Ukraine to fire off missiles from Brazilian cosmodrome -- (Itar-Tass) A group of the space agencies of Ukraine and Brazil, which started a meeting in the Brazilian capital on Monday, plans to compile a draft agreement on long-term cooperation between the two countries in the use of the Tsiklon-4 missile at the Alcantara cosmodrome, Tass learnt at the Ukrainian National Space Agency.

Monday: August 18, 2003  0001 GMT
Distance data solves astrophysical mysteries
Location, location, and location. The old real-estate adage about what's really important proved applicable to astrophysics as astronomers pinpointed the distance to a pulsar. Their accurate distance measurement then resolved a dispute over the pulsar's birthplace, allowed the astronomers to determine the size of its neutron star and possibly solve a mystery about cosmic rays.
Titan to launch Wednesday
The weather forecast is predicting favorable conditions for Wednesday's predawn launch of the Titan 4 rocket from Cape Canaveral carrying a secret national security payload.
IN OTHER NEWS  Additional stories making news today
Intelsat shareholders OK proposed Loral satellite buy -- Intelsat, Ltd., a global satellite communications leader providing services in over 200 countries and territories, reports that its shareholders approved its proposed acquisition of six satellites and orbital location rights from Loral Space & Communications Corporation at a shareholders' meeting held last week in Amsterdam, The Netherlands.

Missile defense boost vehicle successfully launched -- Orbital Sciences Corporation announced that the second launch of the missile defense interceptor boost vehicle the company is developing and manufacturing for the U.S. Missile Defense Agency's Ground-based Midcourse Defense system was fully successful. Launch occurred Saturday from Vandenberg Air Force Base, California.
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Astronaut star attraction at convention -- (The Register-Guard) John Grunsfeld arrived on earth the same year NASA took off - 1958. A childhood interest in the stars would lead to five spacewalks on four missions as a NASA shuttle astronaut, logging 45 days and easily more than 20 million miles. He oversaw spacewalking on the Columbia shuttle mission last year that installed the most sophisticated upgrade yet on the Hubble Space Telescope.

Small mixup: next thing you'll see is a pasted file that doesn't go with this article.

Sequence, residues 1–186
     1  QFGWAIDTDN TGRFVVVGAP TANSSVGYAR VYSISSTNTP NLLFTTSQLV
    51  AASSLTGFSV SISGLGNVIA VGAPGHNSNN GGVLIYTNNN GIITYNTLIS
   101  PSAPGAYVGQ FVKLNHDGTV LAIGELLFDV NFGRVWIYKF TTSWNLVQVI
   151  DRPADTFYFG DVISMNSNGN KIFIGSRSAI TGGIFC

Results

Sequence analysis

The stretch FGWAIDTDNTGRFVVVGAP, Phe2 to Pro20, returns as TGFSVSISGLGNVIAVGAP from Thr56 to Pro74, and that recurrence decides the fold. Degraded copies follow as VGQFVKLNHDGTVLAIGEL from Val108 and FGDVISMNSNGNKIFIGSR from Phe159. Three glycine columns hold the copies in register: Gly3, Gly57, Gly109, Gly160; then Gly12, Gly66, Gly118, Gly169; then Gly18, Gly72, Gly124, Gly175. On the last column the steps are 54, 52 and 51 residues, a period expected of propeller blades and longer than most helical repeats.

Former NASA director accepts BU presidency -- (The Boston Globe) Former NASA chief Daniel S. Goldin accepted the Boston University presidency yesterday after five weeks of negotiations with campus trustees, who have offered him one of the most lucrative compensation packages in US higher education.

Scientist cites astronomy benefits -- (Ka Leo) Dr. Michael West, the UH Hilo astronomer who recently helped discover "orphan" star clusters says astronomy is every bit as important as art, literature, music, culture, or any other field of human exploration.

News Archive
Aug. 11-17: What to do with Hubble? Telescope's future debated; Canada's ozone research project launched into space by Pegasus rocket; Hot spots on Mars give hunt for life new target; Horseshoe nebula flows with 'X-ray champagne'; Galaxy torn apart in dark matter halo.

Aug. 4-10: Shuttle return-to-flight task group outlines plans; Asteroids dedicated to fallen Columbia astronauts; 'Phoenix' lander headed for Martian North Pole; Sea Launch rocket lofts communications satellite; Gravity variations predict earthquake behavior.

July 28-Aug. 3: New maps of Mars water; Columbia board: NASA needs better imaging; Ion engine records nearly five years of firing time; Wind and reflections from supermassive black hole; Troubles strike Landsat 7.

July 21-27: Pentagon strips 7 launches from Boeing Delta 4 rocket; Columbia management team hardly discussed foam strike; Two options emerge for NASA's Orbital Space Plane; Space entrepreneurs seek regulatory relief; Giant gas cloud made of atoms formed in first stars.

More news  See our weekly archive of space news.